The refusal of Gingrich and most other Republicans to grapple with what actually happened in the 1990s is a major reason the GOP has maintained its absolutist anti-tax posture for the past two decades. They’ve alternately credited the 1994 elections, the ’97 capital gains tax cut, and the dot-com bubble with the surpluses of the late ‘90s – anything, it seems, to avoid acknowledging the reality that taxes went up on the rich in 1993, and nothing bad happened.Which is true.
Except it does depend on how one looks at it.
If you're Newt Gingrich, then the main reality is that taxes went up on the rich in 1993, and it immediately produced disaster...for Speaker Foley and the Democrats. Indeed: from Gingrich's point of view, the Bush tax increases before that produced Bush's defeat in 1992.
Now, in reality, it's far from clear that either of these electoral outcomes were caused by higher taxes (as I read the evidence, the 1992 election outcome was not at all affected by higher taxes; the case for 1994 is a lot more murky). But the "learning" that's so important in politics doesn't depend on or use careful causal analysis. More often than not, everything associated with winning campaigns or electoral cycles gets credit, and anything associated with losing campaigns or electoral cycles gets blame. Especially anything which was those participating in the events believed at the time was a big deal, or have other incentive to believe in.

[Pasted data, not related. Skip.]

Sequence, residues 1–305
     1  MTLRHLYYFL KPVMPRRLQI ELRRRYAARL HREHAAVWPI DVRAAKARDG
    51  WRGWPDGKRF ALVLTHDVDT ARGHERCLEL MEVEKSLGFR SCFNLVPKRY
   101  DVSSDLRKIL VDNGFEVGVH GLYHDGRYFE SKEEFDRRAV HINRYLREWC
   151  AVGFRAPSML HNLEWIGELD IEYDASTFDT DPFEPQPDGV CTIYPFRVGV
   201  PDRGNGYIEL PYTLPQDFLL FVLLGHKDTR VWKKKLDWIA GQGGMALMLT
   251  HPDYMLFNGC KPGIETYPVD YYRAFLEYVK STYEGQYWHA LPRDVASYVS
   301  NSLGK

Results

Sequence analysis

So, yeah, on substance it's of course absolutely true that Republican claims -- specific, testable claims -- about the effect of the 1993 budget package were completely and totally wrong. But it's very understandable that Republicans learned the opposite lesson from it, because politically it was extremely easy for them to believe that raising taxes was a total disaster for Bill Clinton and Congressional Democrats.
The really scary part? If Republicans were able to conclude that about the 1993 tax increases, in which their policy predictions were clearly way off, just how much more are they likely to believe that the Affordable Care Act was a policy disaster, given that the political (apparent) effects were similar but the policy predictions and effects will presumably be a lot more ambiguous.
At any rate: nice catch!